“Wayne's World” (1992)
It is hard to overstate the degree to which “Wayne’s World” influenced the vernacular of the ‘90s. Schwing! Party on! Not! That’s what she said! We’re not worthy! It’s all right there. And the Big Indian at 55th and Pulaski finally got the cameo it’s deserved for decades during the now-iconic “Bohemian Rhapsody” scene.
“Adventures in Babysitting” (1987)
As far as ‘80s teen comedies go, “Adventures in Babysitting” is a perfect example of the form, abundant with wacky hijinks, sassy kids and romantic miscues, all set against a suburbanite’s fantasy of gritty South Side stops and downtown glitz. It’s also the only movie to use the Crain’s Communications Building’s diamond-shaped slanting roof to its full filmic potential.
“Home Alone” (1990)
It’s a classic because it’s got it all – family drama, holiday sparkle, airport scrambling, zany action, comic violence, and at the center of it, the world’s most precocious kid who just wants his mom. Yes, it’s set in the suburbs, but the snow-covered Winnetka scenery is a Currier and Ives dream. And it’s just a whole lot of fun.
“High Fidelity” (2000)
For a movie based on a book by a British guy, “High Fidelity” manages to feel incredibly Chicagoan, not least of all because it’s full of great music and neighborhood scenery that captures Wicker Park’s old character. Feel how you will about John Cusack, but you must admit that his clipped, rapid-fire delivery of self-centered rambles mixed with music snobbery make him pretty dang believable as a certain kind of Chicago Guy.
“About Last Night” (1986)
For Chicagoans of a certain vintage, “About Last Night” was a very attractive version of a place in time, before the Viagra Triangle needed Viagra. The Brat Pack cast put a pretty shine on very Chicago things like 16-inch softball and dive bars, and universal things, like being young and in your first serious relationship.
“Only the Lonely” (1991)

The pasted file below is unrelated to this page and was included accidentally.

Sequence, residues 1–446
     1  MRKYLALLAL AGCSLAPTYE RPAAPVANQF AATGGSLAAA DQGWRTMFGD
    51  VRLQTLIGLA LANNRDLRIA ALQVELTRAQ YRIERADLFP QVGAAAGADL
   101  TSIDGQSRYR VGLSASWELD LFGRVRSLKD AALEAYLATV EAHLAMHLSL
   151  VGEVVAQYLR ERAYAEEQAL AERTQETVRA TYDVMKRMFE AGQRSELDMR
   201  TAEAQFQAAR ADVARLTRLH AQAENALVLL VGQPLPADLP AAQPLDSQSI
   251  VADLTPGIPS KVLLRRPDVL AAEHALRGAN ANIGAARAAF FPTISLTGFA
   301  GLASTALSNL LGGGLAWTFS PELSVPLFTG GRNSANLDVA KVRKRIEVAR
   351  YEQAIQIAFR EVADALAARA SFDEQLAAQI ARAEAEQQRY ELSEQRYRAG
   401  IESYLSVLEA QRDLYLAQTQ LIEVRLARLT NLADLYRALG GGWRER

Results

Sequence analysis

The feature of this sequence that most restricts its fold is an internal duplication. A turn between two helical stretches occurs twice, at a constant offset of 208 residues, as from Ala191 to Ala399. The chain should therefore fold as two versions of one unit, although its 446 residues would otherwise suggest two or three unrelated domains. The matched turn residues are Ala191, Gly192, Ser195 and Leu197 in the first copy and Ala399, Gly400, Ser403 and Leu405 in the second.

The late John Candy wasn’t from Chicago, but he managed a pretty good Chicago-cop mustache for this movie. The story of an Irish Chicago cop, his Italian/Polish girlfriend, and his overbearing mother hits all the classic Chicago notes and a lot of classic Chicago landmarks (like old Comiskey).
“Drinking Buddies” (2013)
Remember when it felt like everyone was opening a craft brewery in Chicago? That was 2013, when “Drinking Buddies” is set, and the wry, self-deprecating humor that runs through it feels like Chicago. It’s a will-they-or-won’t-they with beer, which, let’s be real, is how most will-they-or-won’t-theys start in Chicago.
We’re not gonna sugarcoat it, folks – it’s pretty rough out there right now for a lot of reasons. And with no hockey, no basketball, delayed baseball and no March Madness, we don’t even have sports to turn to in these times of trouble. It’s certainly not the biggest problem we have, but for sports fans, it’s a sorely missed source of everyday conversation and comfort.
Obviously, we can’t fill the hole in Chicago’s sports-lovin’ heart, but maybe we can help scratch the brackets itch and offer some content for the non-sportsing folks as well.
Enter Chicago Showdown – four weeks of Chicago-themed brackets built to fuel friendly arguments – and we need your votes!
How it works:
Four weeklong rounds of voting will get us to one ultimate winner in four categories: lost Chicago buildings, Chicago musical artists, movies set in Chicago and everyday heroes. You know, the important stuff. We’ll start each round with 16 entrants (Mondays), and whittle that down to eight (Tuesdays), four (Wednesdays) and our final two (Thursdays). All rounds are open for voting from 8 a.m. until midnight.
Lastly, there are two things to know about Chicago Showdown. One: we’ve picked the categories and what went in them. That’s right – two nobodies that nobody sent. And we seeded them too. So if you think we missed something, or screwed something up, or you just feel like grousing, feel free to take it up with us on Twitter. (Or, you know, don’t.) And two: what makes one better than the other is entirely up to you, so follow your heart.